The Best Wi-Fi Range Extenders for Just About Everyone
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It doesn’t matter what you’re paying for at home — you’re going to need with plenty of range if you want to put those speeds to work in whatever room you want. Too often, a single router won’t quite cut it on its own, leading to dead zones where you can’t connect.
This is where a Wi-Fi range extender can come in handy. A range extender, or Wi-Fi booster, is a compact, plug-in device that uses built-in Wi-Fi radios and antennas to pair wirelessly with your router. Plug one in near the edge of your router’s wireless range and pair it with the network, and it’ll start rebroadcasting the signal farther out into your home. All of today’s top models are less expensive than upgrading to , they’re a cinch to set up, they’ll work no matter what brand of router you’re using and in most cases it’s easy to give them the same SSID and password as your original router. That creates a single, seamless connection that you won’t need to think about too much.
CNET Smart Home range extender tests
The CNET Smart Home has a fiber internet connection with matching upload and download speeds of up to 150Mbps. That’s a far cry from the more and more of us have access to (not to mention the new, emerging in some parts of the country). However, it’s in line with the average internet speed in the US, which makes it a great place to test how home networking products will work for the average consumer.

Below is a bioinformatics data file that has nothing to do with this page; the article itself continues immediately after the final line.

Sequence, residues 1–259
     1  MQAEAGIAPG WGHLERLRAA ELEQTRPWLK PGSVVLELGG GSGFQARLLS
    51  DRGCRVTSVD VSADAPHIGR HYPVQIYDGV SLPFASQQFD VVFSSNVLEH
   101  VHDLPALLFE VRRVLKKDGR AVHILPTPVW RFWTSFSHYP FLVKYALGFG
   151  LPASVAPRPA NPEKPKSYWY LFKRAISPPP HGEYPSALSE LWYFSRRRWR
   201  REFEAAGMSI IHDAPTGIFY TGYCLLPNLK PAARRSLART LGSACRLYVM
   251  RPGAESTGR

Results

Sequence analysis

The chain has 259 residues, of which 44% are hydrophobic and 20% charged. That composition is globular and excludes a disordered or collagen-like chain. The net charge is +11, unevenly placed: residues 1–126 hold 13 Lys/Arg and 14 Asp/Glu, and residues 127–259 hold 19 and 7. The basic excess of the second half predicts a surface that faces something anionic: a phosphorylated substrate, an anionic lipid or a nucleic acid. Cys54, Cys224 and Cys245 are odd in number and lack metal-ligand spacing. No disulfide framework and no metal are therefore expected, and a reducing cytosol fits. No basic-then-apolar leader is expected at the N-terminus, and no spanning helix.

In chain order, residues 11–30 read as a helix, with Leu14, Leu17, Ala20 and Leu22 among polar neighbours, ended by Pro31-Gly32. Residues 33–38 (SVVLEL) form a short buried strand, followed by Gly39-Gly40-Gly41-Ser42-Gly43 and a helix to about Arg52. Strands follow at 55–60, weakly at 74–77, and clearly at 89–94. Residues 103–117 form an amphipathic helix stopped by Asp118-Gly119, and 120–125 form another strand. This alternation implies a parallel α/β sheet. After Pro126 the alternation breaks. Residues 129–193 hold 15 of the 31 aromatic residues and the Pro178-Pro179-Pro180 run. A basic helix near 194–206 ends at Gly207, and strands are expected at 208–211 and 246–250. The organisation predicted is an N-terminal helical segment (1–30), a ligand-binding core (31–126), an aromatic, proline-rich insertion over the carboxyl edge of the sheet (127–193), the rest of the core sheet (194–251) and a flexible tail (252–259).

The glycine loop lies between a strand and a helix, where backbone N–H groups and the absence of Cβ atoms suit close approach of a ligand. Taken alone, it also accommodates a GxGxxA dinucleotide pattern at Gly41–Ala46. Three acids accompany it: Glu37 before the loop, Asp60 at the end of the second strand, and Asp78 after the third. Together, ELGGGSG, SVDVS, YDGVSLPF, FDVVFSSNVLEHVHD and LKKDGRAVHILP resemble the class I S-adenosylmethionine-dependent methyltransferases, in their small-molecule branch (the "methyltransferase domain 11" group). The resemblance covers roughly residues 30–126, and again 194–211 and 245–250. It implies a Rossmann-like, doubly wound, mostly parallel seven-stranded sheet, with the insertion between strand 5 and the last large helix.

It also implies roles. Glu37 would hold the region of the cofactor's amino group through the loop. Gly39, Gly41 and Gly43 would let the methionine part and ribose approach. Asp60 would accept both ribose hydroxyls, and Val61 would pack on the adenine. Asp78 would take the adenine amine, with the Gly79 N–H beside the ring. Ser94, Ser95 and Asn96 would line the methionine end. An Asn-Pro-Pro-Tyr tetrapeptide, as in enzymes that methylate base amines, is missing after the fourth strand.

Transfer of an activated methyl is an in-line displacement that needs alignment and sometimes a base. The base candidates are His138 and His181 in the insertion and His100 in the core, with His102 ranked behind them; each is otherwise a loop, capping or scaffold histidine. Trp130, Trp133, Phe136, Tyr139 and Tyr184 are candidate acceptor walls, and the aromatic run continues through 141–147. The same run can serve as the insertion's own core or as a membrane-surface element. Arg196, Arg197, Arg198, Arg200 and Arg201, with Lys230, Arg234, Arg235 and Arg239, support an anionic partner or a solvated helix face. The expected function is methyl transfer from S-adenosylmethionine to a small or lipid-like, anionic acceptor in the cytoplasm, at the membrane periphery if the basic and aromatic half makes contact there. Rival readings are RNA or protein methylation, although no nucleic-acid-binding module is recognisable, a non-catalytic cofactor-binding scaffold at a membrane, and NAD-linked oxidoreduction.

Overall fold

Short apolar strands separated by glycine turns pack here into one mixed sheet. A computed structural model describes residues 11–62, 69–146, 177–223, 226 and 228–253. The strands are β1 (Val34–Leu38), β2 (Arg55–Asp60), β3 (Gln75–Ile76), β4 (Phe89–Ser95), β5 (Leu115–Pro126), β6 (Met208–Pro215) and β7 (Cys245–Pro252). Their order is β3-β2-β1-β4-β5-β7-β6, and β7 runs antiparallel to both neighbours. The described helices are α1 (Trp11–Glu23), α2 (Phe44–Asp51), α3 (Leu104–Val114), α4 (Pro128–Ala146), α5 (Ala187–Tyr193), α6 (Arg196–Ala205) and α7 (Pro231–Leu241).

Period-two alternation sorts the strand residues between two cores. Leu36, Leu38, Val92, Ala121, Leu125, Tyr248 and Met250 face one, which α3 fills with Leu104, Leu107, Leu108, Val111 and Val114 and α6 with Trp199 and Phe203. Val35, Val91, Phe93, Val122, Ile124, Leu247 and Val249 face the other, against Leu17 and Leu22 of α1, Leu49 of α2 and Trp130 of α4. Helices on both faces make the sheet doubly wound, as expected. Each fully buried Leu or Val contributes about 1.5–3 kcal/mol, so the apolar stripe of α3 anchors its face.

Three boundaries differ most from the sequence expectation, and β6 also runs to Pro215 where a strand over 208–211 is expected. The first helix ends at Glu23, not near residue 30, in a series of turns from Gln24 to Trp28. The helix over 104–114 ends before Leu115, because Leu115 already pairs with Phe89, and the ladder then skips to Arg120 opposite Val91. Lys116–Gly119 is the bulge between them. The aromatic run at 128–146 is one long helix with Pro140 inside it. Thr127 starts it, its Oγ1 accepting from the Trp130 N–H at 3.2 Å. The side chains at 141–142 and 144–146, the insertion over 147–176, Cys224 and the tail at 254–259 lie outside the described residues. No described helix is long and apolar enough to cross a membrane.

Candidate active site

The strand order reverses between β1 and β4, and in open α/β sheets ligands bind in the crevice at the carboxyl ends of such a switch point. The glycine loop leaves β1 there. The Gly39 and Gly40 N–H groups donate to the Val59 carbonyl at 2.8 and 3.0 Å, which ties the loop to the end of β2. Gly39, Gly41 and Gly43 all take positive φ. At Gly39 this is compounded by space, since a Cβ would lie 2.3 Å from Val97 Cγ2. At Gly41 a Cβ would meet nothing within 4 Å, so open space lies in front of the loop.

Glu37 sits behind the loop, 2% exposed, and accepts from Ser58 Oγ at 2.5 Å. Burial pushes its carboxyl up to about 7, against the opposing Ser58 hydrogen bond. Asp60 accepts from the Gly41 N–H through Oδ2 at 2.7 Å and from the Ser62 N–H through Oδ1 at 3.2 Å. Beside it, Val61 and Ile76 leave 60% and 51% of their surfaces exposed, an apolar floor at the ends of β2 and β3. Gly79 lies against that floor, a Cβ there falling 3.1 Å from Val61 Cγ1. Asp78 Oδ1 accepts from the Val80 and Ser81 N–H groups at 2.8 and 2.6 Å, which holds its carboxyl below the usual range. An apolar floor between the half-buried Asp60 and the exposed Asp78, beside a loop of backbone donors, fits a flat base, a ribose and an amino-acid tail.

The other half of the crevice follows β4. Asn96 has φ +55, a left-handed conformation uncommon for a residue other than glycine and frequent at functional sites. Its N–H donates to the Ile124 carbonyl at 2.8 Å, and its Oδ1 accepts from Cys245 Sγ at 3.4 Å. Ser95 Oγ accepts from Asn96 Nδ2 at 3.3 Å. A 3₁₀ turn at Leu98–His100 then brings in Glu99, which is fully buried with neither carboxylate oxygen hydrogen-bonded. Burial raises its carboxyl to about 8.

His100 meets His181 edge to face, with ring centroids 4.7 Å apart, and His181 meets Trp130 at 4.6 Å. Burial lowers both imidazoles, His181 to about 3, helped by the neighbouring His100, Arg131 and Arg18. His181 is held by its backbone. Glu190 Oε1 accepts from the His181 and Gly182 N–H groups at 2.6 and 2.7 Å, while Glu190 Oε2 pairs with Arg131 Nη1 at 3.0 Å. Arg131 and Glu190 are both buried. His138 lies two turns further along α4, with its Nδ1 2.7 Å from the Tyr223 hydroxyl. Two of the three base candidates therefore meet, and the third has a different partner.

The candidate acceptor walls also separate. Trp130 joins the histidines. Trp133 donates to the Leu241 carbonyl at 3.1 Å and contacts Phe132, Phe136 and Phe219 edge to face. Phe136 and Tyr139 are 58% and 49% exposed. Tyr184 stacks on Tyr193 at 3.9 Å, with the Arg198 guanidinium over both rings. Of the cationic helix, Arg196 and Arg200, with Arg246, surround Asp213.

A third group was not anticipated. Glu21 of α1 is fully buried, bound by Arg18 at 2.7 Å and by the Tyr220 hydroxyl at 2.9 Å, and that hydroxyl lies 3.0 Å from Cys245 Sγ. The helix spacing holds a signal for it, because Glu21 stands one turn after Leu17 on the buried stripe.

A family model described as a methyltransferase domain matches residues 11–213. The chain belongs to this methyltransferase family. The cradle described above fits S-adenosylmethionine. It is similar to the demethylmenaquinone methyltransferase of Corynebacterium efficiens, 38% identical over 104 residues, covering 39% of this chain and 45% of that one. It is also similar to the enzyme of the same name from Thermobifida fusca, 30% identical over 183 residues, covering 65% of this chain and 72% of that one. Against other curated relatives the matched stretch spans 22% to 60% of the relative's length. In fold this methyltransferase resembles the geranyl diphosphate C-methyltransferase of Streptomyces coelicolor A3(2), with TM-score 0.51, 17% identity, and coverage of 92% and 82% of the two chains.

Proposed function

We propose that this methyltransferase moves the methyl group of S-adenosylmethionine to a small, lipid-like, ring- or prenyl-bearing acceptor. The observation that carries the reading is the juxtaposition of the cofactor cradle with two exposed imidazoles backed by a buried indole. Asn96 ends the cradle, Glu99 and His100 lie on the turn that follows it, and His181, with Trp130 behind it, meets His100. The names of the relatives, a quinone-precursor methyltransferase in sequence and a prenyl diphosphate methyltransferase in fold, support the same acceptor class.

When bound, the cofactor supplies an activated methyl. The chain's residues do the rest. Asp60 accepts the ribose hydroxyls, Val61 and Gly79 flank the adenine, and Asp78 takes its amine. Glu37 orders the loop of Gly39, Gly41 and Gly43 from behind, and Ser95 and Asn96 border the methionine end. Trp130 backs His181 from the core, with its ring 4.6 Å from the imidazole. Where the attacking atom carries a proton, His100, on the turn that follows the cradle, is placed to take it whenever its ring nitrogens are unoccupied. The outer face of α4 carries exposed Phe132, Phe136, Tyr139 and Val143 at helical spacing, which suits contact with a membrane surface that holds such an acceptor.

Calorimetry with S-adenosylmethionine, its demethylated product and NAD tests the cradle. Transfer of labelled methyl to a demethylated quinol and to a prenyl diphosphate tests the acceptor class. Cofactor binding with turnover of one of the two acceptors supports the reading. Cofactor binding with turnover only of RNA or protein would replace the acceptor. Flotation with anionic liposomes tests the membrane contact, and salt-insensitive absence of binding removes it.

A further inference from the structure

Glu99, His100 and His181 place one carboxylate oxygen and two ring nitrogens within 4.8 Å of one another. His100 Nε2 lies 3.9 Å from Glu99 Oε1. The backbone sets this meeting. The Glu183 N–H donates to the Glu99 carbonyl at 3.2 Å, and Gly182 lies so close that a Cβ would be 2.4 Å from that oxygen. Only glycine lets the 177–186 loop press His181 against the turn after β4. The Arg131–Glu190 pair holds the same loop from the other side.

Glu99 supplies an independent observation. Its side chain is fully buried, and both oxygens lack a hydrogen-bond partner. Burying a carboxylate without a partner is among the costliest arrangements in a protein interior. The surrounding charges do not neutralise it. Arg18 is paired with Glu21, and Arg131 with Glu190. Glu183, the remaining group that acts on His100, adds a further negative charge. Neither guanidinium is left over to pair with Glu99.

For my purposes, I started by setting up a router in the Smart Home’s laundry room, which is where the modem is set up. I went with the , a perfectly decent model I reviewed last year. It offered reliable performance but limited range when I tested it — and that’s exactly what I wanted for these range extender tests.
Sure enough, the router was able to deliver strong speeds on the home’s main floor, but as soon as I headed down to the basement level, speeds started to fall. That includes single-digit upload speeds in the bourbon room and the mud room. (Yes, the Smart Home has a bourbon room that the previous owners used to age their own barrels. We don’t have any barrels of our own, but it smells amazing in there. Kentucky, folks!)
Bring in the extenders
With my control speeds established, it was time to start adding in the range extenders and seeing which ones improved things the best. Pairing each one with the router only required me to plug it in nearby and press the WPS button on both devices — after that, I relocated them downstairs, to the basement rec room, which was the farthest point from the router that still had a decent signal and speeds. Whenever you’re using a range extender, that’s typically the best place to put it: just shy of the edge of your router’s range, where it will still receive a strong enough signal to put out a strong signal of its own. The best way to find that spot? Grab your phone or laptop and .
In the end, I ran a total of at least 96 speed tests for each extender, two rounds of 24 tests to find its average speeds to a Wi-Fi 5 client device (an iPad Air 2 from 2015) and another two rounds of 24 tests to check its speeds to a Wi-Fi 6 client device (a 2021 Lenovo ThinkPad laptop). In each case, I started the first round of tests with a fresh connection in the laundry room, closest to the router, and then started the second round of tests with a fresh connection in the mud room, farthest from the router. With each test, I logged the client device’s download speed, its upload speed and the latency of the connection.